ABQ To Do Visit Albuquerque Visitors Guide

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Santa Rosa, Guadalupe County, New Mexico

Downtown Santa Rosa, NM

Downtown Santa Rosa, NM

Santa Rosa is a city in and the county seat of Guadalupe County, New Mexico, United States. The population was 2,744 at the 2000 census. It lies between Albuquerque and Tucumcari, situated on the Pecos River at the intersection of Interstate 40, U.S. Route 54, and U.S. Route 84. The city is located west of, but not within, the Llano Estacado or “staked plains” of eastern New Mexico and west Texas.

Guadalupe Courthouse in Santa Rosa, NM

Guadalupe Courthouse in Santa Rosa, NM


The first European settlement in the area was Aqua Negra Chiquita, “Little Black Water” in Spanish, in 1865. The name was changed in 1890 to Santa Rosa (Spanish for “Holy Rose”) referring to a chapel that Don Celso Baca (the founder of the city) built and named after both his mother Rosa and Saint Rose of Lima. The “Rosa” may also refer to the roses in the story of Our Lady of Guadalupe and is indicative of the Catholicism of the Spanish colonizers who settled in the area.

Santa Rosa was connected by railroad to Chicago, El Paso, and the world at large in the early 1900s.

John Steinbeck's The Grapes of Wrath

John Steinbeck’s The Grapes of Wrath

Santa Rosa’s stretch of U.S. Route 66 is part of film history. When John Steinbeck’s epic novel, The Grapes of Wrath, was made into a movie, director John Ford used Santa Rosa for the memorable train scene. Tom Joad (Henry Fonda) watches a freight train steam over the Pecos River railroad bridge, into the sunset. It was also one of shooting scenes for Bobbie Jo and the Outlaw starring Lynda Carter in the titular role.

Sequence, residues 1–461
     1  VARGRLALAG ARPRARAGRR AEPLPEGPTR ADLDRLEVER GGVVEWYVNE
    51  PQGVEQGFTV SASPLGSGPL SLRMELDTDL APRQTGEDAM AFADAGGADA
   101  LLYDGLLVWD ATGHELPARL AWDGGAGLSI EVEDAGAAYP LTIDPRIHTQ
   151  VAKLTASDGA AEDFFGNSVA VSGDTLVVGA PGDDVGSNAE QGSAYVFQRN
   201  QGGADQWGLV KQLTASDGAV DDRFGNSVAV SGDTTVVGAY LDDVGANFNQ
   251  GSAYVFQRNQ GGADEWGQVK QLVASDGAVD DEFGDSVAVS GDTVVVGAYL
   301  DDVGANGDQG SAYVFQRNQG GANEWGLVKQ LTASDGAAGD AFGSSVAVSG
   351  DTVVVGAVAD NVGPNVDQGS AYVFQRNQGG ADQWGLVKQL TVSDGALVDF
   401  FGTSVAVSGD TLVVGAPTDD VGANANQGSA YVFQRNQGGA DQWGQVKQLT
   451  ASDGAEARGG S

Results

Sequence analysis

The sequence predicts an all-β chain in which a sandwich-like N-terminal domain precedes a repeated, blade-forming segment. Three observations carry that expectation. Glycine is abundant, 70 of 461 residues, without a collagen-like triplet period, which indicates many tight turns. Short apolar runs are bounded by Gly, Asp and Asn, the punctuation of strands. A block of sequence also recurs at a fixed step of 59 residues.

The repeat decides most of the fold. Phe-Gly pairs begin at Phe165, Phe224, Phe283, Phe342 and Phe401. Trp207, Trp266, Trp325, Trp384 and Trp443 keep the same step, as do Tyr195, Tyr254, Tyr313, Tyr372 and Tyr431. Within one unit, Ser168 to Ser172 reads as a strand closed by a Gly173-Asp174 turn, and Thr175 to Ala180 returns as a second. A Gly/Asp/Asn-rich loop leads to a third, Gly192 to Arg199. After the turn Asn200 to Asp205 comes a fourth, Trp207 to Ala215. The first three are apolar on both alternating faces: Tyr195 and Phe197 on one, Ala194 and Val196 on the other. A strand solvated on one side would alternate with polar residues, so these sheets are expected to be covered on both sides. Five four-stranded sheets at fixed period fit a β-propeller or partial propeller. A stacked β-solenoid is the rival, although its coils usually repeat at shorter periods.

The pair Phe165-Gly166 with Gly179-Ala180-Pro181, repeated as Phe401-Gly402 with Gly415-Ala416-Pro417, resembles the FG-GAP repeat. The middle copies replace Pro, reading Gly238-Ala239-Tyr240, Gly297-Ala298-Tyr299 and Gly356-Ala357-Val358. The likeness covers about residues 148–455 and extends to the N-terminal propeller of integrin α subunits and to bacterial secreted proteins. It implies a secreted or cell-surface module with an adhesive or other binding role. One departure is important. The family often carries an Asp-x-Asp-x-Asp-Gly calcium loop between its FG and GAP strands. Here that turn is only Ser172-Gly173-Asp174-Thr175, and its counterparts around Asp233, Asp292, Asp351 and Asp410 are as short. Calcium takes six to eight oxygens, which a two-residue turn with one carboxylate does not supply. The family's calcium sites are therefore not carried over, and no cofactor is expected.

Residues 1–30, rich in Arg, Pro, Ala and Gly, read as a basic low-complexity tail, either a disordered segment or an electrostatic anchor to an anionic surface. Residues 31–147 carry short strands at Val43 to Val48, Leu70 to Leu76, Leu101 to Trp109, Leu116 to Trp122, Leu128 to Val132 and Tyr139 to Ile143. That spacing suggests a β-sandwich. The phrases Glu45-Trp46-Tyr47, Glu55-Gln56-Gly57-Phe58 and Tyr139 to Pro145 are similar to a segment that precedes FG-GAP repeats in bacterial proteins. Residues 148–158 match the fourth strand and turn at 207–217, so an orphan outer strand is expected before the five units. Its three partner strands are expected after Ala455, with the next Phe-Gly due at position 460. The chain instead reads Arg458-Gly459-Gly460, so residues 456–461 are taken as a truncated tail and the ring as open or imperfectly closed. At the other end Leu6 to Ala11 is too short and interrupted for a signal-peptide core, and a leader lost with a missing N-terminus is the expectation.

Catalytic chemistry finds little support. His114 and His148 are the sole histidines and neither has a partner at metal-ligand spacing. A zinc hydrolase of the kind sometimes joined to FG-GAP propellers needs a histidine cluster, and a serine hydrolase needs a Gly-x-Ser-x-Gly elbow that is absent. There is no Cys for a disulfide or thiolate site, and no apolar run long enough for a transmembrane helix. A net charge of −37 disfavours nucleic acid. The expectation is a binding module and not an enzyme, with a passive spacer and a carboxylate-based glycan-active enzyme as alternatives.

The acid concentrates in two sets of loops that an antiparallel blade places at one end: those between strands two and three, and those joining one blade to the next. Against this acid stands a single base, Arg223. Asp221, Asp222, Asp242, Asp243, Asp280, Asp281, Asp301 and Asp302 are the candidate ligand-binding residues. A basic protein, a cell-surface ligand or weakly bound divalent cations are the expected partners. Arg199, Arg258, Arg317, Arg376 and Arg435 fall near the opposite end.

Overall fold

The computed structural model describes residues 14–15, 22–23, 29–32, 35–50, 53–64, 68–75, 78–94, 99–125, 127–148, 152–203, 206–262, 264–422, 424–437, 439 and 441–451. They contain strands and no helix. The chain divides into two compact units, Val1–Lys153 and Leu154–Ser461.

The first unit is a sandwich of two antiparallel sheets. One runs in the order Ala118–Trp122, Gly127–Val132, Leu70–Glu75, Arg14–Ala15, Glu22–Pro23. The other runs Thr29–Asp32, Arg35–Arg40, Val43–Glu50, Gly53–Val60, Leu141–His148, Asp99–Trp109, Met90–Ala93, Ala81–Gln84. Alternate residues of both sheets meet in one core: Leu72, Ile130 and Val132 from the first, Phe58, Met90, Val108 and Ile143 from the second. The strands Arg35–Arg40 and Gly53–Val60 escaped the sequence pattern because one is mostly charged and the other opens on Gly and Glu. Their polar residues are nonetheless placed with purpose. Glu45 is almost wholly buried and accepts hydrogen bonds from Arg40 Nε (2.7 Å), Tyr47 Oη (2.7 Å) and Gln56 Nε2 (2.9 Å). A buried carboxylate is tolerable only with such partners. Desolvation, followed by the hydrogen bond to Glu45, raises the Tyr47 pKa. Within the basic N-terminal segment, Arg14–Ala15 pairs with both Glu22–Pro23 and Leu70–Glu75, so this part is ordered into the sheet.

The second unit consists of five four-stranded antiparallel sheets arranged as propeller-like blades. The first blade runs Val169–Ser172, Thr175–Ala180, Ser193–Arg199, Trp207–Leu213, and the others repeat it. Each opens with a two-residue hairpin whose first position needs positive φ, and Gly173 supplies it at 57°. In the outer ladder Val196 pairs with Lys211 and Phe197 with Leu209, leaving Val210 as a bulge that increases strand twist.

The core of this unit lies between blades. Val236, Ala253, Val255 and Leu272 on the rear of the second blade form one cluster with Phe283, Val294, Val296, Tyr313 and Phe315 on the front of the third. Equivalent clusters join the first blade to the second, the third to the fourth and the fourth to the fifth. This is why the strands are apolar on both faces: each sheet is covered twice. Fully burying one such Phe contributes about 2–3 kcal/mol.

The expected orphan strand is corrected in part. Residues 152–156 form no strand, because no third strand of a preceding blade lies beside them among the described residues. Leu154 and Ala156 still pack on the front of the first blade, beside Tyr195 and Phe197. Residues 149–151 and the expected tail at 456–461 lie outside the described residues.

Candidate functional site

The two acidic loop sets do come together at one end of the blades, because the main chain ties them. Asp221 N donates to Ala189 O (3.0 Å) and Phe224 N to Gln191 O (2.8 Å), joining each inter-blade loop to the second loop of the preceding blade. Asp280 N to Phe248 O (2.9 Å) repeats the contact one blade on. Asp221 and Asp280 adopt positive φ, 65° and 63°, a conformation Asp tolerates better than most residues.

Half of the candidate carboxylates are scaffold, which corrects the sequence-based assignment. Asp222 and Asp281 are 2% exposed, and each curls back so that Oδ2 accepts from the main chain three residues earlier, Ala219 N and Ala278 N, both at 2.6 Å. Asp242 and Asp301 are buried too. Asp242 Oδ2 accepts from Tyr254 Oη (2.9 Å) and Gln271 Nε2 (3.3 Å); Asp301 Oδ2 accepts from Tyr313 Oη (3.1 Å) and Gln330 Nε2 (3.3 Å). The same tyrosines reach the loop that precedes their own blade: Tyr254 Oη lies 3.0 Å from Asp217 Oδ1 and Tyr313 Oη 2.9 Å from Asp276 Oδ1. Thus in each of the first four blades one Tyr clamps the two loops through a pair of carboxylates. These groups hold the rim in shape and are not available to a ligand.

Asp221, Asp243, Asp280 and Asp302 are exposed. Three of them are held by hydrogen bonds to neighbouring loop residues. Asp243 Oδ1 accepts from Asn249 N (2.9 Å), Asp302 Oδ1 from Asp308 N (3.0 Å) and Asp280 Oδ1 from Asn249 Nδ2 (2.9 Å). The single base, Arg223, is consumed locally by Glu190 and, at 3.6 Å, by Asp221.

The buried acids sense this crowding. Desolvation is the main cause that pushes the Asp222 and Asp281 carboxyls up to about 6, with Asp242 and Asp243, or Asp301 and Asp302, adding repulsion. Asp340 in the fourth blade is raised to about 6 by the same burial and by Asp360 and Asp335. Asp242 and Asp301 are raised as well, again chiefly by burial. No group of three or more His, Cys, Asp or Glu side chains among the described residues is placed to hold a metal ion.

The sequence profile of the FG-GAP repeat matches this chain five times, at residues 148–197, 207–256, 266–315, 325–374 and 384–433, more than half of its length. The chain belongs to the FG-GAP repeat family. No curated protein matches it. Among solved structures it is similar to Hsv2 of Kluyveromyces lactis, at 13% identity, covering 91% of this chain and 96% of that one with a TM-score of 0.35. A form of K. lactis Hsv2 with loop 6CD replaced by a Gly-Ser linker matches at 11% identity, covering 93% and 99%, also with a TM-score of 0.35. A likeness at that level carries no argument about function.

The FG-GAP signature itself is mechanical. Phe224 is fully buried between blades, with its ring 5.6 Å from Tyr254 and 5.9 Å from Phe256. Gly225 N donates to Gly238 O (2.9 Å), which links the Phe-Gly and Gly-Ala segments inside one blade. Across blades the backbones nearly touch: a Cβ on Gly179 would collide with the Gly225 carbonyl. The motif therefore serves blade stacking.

The town was the childhood home of author Rudolfo Anaya, and is the basis for the fictional town of Guadalupe in his autobiographical novel Bless Me, Ultima.

New wing of the Guadalupe Courthouse in Santa Rosa, NM

New wing of the Guadalupe Courthouse in Santa Rosa, NM


Tthe Blue Hole pool in Santa Rosa, NM

Tthe Blue Hole pool in Santa Rosa, NM

Santa Rosa has many natural lakes, an anomaly in the dry Desert climate surrounding it. These are sinkholes that form in the limestone bedrock of the area and fill with water, and thus the lakes are connected by a network of underground, water-filled tunnels. The most famous of these is Blue Hole, a popular spot for diving, where cool 61 °F (16 °C) water forms a lake over 81 ft (25 m) deep.

Scuba divers taking advantage of the clear blue water at the Blue Hole pool in Santa Rosa, NM

Scuba divers taking advantage of the clear blue water at the Blue Hole pool in Santa Rosa, NM

The Blue Hole of Santa Rosa is a circular, bell shaped pool east of Santa Rosa, New Mexico that is one of the most popular dive destinations in the US for SCUBA diving and training. The Blue Hole is an artesian well that was once used as a fish hatchery. It is a clear blue body of water with a constant 64 °F (18 °C) temperature and constant inflow of 3000 gallons per minute. While the surface is only 80 feet (24 m) in diameter, it expands to a diameter of 130 feet (40 m) at the bottom.[3]